Magazine Jan/Feb 2013 When Cello Plays Violin

28 January 2013, 00:43
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When Cello Plays Violin

Acclaimed by three of America’s most reputable newspapers, The New York Times, The Washington Post and The Los Angeles Times, 24-year old cellist Narek Hakhnazaryan who, since winning the first prize at the prestigious 2008 Young Concert Artists International Auditions and the coveted gold medal at the 2011 XIV International Tchaikovsky Competition – the most esteemed award given to a cellist, has literally brought concert-goers from across the globe to their feet in lengthy standing ovations.

It was in New York, at a black-tie concerto debut at Lincoln Center’s Alice Tully Hall in 2011 with the Orchestra of St. Luke’s where Hakhnazaryan not only performed with his usual dazzling virtuosity and mastery, but after another lengthy rapturous ovation by the sold-out crowd, introduced his encore by announcing, “I would now like to play a piece by a noted composer from my country, Armenia.” For those of us in the audience who were of Armenian heritage, it was a moment of great pride which brought tears to the eyes.

Narek’s 2011-12 season included debuts with symphony orchestras throughout the United States and Europe and in particular with the famed Mariinsky Orchestra conducted by the eminent conductor Valery Gergiev, who has championed him. In 2011, he played with the Mariinsky Orchestra under the baton of Gergiev for the celebration of Armenia’s 20th anniversary of independence. Mentored by the world-acclaimed cellist Mstislav Rostropovich in many master classes, Narek was the only cellist invited to travel on behalf of the Mstislav Rostropovich Foundation.

Narek Hakhnazaryan was born in 1988 in Yerevan, Armenia, into a family of musicians – his father, a violinist for 24 years with the Komitas Quartet, and his mother a pianist. Following early studies from age six to eleven at the Sayat Nova School of Music in Yerevan with Zareh Sarkisyan, he began studying intensively at age 12 at the Moscow Conservatory with Alexey Seleznyov. Coming to America, he continued his studies at the New England Conservatory of Music, graduating with an Artist Diploma. Then came the singular honors of winning both the Young Concert Artist International Auditions in 2008 and the International Tchaikovsky Competition in 2011. Besides concertizing throughout the world on a heavy schedule, he is currently based at the Moscow Conservatory, completing his studies for a doctorate.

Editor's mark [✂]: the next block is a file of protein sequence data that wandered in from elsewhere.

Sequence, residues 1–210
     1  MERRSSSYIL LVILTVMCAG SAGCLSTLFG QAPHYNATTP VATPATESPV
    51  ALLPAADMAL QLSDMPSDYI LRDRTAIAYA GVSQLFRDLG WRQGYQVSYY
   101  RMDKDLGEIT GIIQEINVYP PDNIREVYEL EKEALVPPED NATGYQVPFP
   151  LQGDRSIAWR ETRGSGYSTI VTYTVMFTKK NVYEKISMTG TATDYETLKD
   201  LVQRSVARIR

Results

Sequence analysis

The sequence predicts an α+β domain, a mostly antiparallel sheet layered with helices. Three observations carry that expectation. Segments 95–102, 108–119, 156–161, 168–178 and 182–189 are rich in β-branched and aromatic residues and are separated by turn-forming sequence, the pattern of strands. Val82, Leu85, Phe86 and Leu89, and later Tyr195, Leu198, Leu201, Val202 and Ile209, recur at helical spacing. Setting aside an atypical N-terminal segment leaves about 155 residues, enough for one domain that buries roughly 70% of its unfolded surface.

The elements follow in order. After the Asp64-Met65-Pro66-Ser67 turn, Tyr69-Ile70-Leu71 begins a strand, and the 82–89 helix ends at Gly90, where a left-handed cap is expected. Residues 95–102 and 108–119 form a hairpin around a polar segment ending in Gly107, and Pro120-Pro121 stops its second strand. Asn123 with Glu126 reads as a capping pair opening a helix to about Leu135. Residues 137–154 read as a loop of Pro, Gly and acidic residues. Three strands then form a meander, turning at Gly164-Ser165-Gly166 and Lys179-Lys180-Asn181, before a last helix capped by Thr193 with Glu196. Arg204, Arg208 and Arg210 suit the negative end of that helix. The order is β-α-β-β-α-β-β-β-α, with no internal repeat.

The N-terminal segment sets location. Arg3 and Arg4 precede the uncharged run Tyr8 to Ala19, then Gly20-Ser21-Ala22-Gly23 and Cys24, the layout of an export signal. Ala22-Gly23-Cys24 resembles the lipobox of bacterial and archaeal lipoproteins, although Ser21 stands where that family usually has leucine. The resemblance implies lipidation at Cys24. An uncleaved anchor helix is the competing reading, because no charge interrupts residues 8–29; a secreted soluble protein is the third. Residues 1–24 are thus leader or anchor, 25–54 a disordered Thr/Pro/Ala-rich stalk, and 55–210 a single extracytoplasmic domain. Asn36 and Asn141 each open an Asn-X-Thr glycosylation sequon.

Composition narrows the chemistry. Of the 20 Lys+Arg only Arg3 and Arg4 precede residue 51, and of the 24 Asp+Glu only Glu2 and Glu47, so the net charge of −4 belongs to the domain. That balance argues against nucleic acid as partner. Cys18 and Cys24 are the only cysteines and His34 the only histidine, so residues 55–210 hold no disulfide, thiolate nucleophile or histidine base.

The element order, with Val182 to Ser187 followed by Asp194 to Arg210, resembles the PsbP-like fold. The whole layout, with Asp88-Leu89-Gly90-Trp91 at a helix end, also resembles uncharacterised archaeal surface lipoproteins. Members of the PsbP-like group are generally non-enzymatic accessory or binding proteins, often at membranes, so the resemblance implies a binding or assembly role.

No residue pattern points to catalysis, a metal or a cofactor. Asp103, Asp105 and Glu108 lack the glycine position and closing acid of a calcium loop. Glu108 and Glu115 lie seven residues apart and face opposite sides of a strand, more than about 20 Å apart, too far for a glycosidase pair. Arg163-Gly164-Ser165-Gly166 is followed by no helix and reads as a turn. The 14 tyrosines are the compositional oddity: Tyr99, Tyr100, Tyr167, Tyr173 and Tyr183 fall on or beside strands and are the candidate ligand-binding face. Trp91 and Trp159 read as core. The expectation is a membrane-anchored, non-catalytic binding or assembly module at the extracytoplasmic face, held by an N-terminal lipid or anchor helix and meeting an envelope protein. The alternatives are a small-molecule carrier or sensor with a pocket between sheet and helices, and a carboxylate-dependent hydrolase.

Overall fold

Uncanny, Wise, Charming

During the one and a half-hour exclusive interview with this writer, Narek, a tall, lean young man with sparkling dark Armenian eyes, a charming smile and wisdom beyond his years, laughed easily and sometimes gesticulated when he wanted to make a special point, never avoiding a question, sometimes becoming thoughtful before answering. His early start in music was due to his parents, both of whom are professors at the Yerevan and Moscow Conservatories, but now are mostly based in Moscow.

“My father, Suren, wanted me to be a musician – a violinist. But my mother, Gayane, really loved the cello, and one day she secretly took me at age six to the cello class at the Sayat Nova School. When she told my father, he was very angry and disappointed,” Narek recalls. But at age six, Narek was much more interested in soccer, sports and “being a very bad boy, never listening to people, and doing what I wanted.” He still does what he thinks is “right in a smart way. I’m still a bad boy. Maybe I’ll change when I’m 25,” he says with a chuckle.

 

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